Finding a zookeeper, we told him off our plight. He radioed the office and asked someone to bring a manual wheelchair, and send help for the other chair. Four zookeepers joined us, and three of them picked up this heavy chair to walk it all the way across the zoo to put it in our car. My mum went with them to direct them, and they then found out our location and drove her back to us. They were total stars and saved the day.
The manual chair was fine for the flat bits, but they were few and far between. My guilt wouldn’t let me ask others to push me up hills, so I had to keep getting out which meant I reached my limit extremely quickly, my back went into spasm and I was totally exhausted. Everyone took it in turns to push me on the flat sections and were so helpful.
So massive thumbs up to Colchester Zoo for rescuing me, although please don’t try and attempt it with a manual chair!! We sent a letter of thanks to the men that carried the chair back to the other, and the one that brought the manual and pushed me for a little while to reach the others who’d continued to the next section.
Colchester Zoo have regular Sensory/Disability Open Days which include BSL Demonstrations, feeding sessions for people with disabilities only, and more.
Their events page shows when they will next be having an open day.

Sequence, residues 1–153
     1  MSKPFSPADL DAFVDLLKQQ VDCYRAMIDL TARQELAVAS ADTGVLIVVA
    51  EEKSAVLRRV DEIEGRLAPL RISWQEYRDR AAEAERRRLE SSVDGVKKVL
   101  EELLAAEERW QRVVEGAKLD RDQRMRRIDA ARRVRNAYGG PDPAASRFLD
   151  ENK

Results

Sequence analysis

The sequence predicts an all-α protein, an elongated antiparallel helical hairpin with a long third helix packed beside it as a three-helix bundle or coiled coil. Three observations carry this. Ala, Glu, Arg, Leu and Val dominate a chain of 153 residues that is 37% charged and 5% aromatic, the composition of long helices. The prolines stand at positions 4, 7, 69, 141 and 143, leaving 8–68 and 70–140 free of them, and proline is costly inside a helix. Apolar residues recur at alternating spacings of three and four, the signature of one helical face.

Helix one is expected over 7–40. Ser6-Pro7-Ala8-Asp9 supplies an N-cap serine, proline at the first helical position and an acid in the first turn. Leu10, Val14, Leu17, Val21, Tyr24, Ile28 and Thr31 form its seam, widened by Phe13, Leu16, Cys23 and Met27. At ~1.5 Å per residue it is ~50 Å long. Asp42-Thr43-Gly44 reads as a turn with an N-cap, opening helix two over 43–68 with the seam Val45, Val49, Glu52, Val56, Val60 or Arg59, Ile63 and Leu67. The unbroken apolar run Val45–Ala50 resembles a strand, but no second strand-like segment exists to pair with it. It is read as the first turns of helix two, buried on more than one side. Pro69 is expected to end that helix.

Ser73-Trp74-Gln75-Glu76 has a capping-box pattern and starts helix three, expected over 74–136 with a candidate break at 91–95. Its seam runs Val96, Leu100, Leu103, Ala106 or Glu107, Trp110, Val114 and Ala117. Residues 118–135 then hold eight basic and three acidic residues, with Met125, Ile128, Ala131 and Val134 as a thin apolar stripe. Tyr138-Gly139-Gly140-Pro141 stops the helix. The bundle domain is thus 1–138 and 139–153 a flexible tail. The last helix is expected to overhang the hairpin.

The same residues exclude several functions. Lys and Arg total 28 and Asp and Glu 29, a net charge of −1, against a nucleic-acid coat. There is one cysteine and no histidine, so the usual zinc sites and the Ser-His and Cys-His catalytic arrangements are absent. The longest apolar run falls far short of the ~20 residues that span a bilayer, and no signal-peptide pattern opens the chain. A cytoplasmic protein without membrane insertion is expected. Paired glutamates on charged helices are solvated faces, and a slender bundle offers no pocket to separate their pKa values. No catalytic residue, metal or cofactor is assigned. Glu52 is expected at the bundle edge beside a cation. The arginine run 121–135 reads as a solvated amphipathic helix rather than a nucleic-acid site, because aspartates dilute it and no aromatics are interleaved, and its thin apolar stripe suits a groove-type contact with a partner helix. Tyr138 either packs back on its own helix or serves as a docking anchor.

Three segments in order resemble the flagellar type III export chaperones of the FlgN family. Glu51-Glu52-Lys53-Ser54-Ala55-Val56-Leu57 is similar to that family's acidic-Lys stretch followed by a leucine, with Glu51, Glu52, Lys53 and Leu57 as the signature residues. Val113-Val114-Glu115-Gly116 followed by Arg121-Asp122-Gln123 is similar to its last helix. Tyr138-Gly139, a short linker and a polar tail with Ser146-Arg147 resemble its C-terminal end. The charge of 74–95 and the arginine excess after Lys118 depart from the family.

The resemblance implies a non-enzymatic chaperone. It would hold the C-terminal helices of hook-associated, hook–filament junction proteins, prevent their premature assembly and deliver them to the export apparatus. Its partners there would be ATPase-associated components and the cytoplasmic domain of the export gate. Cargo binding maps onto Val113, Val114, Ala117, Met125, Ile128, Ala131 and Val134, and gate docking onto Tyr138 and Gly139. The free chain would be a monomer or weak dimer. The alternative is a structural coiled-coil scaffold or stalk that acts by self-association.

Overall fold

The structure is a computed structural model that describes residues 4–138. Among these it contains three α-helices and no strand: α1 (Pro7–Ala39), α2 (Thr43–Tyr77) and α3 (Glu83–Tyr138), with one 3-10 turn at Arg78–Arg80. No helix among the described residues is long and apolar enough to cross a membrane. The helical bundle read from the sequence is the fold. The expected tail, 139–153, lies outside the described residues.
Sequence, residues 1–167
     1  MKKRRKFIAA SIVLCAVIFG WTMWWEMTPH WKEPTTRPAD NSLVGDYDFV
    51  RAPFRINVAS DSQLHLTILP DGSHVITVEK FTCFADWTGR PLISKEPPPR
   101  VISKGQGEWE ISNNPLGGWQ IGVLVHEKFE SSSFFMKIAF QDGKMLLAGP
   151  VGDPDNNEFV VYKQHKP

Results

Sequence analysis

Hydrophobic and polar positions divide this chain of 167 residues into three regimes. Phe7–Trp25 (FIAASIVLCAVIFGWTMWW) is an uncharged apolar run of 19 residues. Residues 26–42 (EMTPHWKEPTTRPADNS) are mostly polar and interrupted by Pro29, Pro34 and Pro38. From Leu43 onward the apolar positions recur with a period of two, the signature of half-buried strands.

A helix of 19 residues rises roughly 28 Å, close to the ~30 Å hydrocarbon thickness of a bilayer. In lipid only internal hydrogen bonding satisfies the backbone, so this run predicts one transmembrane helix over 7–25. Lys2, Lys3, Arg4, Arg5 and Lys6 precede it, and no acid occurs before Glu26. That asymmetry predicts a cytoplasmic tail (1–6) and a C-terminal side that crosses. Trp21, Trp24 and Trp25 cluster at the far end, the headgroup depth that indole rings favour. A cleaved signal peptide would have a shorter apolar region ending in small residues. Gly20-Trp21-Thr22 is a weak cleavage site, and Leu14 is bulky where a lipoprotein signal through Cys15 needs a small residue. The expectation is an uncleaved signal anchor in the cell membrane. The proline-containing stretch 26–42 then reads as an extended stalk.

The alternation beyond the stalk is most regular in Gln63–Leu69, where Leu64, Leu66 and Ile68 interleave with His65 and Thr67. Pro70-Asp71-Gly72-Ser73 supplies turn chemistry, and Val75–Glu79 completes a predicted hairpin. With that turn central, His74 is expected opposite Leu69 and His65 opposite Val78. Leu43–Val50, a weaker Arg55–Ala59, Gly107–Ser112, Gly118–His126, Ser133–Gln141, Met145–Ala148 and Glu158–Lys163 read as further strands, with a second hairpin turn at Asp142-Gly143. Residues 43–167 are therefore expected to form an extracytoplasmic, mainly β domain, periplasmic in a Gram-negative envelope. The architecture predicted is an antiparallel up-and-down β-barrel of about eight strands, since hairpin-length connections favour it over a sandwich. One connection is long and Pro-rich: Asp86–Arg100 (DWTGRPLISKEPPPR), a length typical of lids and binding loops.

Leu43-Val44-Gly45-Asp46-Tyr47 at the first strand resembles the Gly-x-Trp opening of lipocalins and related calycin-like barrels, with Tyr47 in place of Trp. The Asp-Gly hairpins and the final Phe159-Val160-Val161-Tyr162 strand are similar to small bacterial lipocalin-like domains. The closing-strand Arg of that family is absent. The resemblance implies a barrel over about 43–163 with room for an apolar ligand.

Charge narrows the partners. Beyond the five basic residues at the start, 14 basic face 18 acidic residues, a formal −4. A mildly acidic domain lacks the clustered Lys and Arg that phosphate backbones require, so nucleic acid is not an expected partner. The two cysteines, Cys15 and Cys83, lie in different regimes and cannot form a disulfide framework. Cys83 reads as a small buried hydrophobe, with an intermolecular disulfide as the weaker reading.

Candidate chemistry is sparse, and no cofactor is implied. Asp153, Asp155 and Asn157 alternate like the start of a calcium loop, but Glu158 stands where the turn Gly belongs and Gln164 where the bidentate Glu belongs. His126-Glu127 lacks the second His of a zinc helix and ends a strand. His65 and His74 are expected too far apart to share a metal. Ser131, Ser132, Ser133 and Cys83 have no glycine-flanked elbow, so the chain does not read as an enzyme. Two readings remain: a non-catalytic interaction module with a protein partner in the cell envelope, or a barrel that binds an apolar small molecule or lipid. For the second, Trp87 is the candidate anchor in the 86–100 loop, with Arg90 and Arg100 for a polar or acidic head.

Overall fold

I should have got a mobility aid a lot sooner than I did. I couldn’t possibly have one, I thought – I’m much too young. One day I went out on a family outing and they decided to go for a long walk. Oh no, I thought. I tried desperately to keep up – my lovely mum trying to hold me upright as the pain increased. I was hobbling along, having to sit on every bench going. The car was now long behind, so I was stuck. I think that was the day my grandad saw how bad I was getting, when he, then in his late 80s could easily out walk me. When we got back he took me straight into a shop to buy my first mobility stick. The choice was an old fashioned floral pattern, or copper. I picked the copper one, but it wasn’t really me.
The stick made a difference – when I reached my saturation point of pain it helped to lean on, and when I was dizzy (quite often) and clumsy (very often) it helped to keep me on my feet.